I was going to write this blog last Sunday: but, after Saturday night’s terrorist outrage in London, it didn’t seem appropriate immediately to comment on the foibles and half-truths of politicians, even those unconnected with terrorism, security or policing. This piece is not about any of those, but concerns lies, fake news and alternative truths.
I spent last week in Oxford, that city of dreaming spires in which we plan to spend a proportion of our retirement. Showing friends around, after walking through the beautiful Christchurch Meadows we found ourselves at the bottom of the High Street and in need of a cup of tea.
There was a clear choice of establishments, one on each side of the road. One was the Queen’s Lane Coffee House, an old haunt of mine when an undergraduate 40 years ago: opposite sat the so-called Grand Café in a fine old building which, in my student days, had been reduced to a Co-op and post office but is now gloriously restored. We opted for the latter – partly from curiosity and partly because I reckoned there was a better chance of getting tea served in a proper teapot.
As we examined each from the outside, we were surprised to find two alternative claims. The Queen’s Lane Coffee House claims to be the oldest coffee house in England, in continuous use since 1654. I seem to have always remembered that statistic.
By contrast, the Grand Café makes almost the same boast – except that it claims not continuous use but foundation in 1650.
Like opposing armies separated only by the no-man’s land of the High Street, traversed by a seemingly endless stream of buses, the rivals stare at one another, their signs announcing their ancient histories silently defying one another.
They don’t need to worry. Oxford is so full of tourists that there is plenty of custom for both. Nonetheless, as the dismally negative General Election campaign continues, I couldn’t help thinking that there was a potent symbol in front of us of the way that alternative truths, or versions of the truth, exist side by side. We learn to live with them and, one hopes, we’ll manage to make a sensible decision – whatever that is – on Thursday.
Only this morning, we’ve heard accusations from Labour that Tory policies are slashing police numbers: the clear implication, not yet quite articulated so soon after this most recent terrorist outrage, is that it might have been prevented but for police cuts. The accusation appears unfounded, yet is clearly irresistible in the febrile atmosphere of the last few days of campaigning.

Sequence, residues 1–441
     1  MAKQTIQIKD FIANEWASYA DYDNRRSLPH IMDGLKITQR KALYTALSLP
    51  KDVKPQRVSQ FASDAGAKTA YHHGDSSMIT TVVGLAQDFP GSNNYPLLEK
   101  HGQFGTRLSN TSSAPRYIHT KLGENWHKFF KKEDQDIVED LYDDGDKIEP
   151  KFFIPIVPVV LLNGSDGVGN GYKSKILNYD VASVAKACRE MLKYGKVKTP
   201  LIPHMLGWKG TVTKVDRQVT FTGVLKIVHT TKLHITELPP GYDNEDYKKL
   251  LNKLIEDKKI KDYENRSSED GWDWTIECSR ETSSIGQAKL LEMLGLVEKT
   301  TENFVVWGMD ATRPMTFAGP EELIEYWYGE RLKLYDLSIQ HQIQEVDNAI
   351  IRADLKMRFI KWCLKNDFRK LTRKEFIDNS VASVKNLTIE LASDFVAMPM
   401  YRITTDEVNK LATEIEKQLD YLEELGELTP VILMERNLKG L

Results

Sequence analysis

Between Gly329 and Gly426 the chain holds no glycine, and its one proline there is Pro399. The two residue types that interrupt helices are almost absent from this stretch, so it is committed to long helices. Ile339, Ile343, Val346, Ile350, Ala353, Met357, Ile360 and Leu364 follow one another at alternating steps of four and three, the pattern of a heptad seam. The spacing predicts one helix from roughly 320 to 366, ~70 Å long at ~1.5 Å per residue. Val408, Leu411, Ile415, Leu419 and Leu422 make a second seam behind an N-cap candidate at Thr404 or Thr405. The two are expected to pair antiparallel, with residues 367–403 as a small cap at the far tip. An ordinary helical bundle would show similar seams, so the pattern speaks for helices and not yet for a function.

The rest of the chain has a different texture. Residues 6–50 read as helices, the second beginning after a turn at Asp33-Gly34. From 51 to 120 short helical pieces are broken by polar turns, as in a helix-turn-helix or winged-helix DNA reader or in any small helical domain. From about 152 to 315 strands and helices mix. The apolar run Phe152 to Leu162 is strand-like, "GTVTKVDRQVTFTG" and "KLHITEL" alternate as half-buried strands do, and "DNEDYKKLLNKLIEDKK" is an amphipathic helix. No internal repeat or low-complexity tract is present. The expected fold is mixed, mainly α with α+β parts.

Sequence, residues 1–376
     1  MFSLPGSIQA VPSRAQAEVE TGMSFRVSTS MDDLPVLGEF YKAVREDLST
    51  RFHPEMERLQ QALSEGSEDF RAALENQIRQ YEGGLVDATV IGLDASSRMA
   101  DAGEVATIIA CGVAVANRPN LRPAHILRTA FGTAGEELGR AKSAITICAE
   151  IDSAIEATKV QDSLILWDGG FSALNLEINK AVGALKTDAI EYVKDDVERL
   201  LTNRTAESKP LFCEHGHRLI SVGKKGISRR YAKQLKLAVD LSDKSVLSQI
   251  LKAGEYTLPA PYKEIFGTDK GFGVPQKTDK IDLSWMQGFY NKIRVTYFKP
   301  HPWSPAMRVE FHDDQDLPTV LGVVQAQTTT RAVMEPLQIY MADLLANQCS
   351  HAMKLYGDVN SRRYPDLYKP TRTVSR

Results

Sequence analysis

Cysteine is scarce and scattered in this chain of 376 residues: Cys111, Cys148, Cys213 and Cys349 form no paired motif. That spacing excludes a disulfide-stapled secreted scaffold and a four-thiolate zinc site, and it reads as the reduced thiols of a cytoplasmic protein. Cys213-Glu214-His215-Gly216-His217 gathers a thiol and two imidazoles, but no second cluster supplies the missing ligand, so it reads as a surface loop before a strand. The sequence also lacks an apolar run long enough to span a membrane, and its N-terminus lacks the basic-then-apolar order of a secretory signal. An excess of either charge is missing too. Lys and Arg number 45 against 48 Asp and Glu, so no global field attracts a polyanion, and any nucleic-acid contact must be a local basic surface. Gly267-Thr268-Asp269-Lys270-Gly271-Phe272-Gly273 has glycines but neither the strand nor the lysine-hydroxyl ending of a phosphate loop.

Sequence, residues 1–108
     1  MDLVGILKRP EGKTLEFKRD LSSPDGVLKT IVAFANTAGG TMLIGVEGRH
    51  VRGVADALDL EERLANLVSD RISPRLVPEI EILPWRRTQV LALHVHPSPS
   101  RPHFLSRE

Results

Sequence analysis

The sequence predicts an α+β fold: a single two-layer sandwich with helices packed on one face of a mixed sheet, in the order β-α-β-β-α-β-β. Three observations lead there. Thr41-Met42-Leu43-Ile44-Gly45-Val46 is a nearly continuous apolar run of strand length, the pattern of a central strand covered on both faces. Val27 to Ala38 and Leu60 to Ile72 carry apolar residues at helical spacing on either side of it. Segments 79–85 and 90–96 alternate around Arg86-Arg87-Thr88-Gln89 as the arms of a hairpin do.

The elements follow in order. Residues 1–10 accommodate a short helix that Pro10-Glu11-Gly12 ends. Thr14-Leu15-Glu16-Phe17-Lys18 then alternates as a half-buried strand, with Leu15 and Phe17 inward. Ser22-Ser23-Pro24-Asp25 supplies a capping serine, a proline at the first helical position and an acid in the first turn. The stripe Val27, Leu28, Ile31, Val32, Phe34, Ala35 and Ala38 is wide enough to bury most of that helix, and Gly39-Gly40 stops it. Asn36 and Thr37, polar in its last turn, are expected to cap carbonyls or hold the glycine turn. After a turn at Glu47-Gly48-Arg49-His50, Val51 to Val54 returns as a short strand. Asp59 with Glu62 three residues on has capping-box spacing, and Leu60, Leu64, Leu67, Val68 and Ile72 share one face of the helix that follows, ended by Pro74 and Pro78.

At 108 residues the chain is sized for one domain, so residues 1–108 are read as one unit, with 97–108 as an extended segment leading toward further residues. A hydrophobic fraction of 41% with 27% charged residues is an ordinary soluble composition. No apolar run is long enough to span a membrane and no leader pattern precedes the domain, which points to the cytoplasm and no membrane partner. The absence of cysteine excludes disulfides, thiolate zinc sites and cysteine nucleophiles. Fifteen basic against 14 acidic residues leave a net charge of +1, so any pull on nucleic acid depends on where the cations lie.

Meanwhile Boris Johnson, behaving like a cross between a bulldozer and a rhinoceros when interviewed by the Today programme’s Mishal Husain, insisted (not that she asked him) that Jeremy Corbyn opposed the “shoot to kill” policy which had allowed armed officers to put an end to the three knife-wielding fanatics running amok in Borough Market. Boris constantly talked over his interviewer as she cited statements from Jeremy Corbyn that he absolutely approved of the actions taken by police so swiftly and firmly on Saturday. Moreover, I suspect they weren’t following a specific “shoot to kill” policy, merely acting as one hopes any armed officer would in order to protect life and limb.
As Keith Hann writes, also here on Voice of the North, while wondering where we’ll ever find another Churchill, we need some strong leadership (not the sour, preachy sort that Theresa May offers) and some optimism. That call was echoed yesterday by the North’s great Times columnist, Matt Ridley. A Tory to his roots, he’s nonetheless critical of May’s campaign: he comments on “what a law-abiding and free people can achieve and do for each other through enterprise, innovation and exchange. The reason that Theresa May has stumbled so badly in this campaign is because she has failed to set out an optimistic vision of mutual prosperity creation in a liberal society, and has instead allowed herself to be drawn into a mean-spirited, zero-sum bidding war funded by taxation”.
Drawn in? I disagree with Matt in that alone: it seems to me that, as children complain in a playground spat, “She started it!”
We have only a couple more days’ campaigning to suffer and then, as Keith Hann complains, we’ll get someone leading us, even if we wish for a box on the voting-slip that says “none of the above”.
By contrast, I was cheered by another sight in Oxford. Professionally an establishment figure, I guess I shouldn’t encourage this, but I loved the picture below.
It’s an uplifting minor act of rebellion to see a bicycle chained to a sign that forbids it. After all, it’s only a kind of parallel truth: one guy says you mustn’t chain a bike, but another one says he will. Somehow, such a sight suggests to me that there is still hope for humanity!
Amen to that.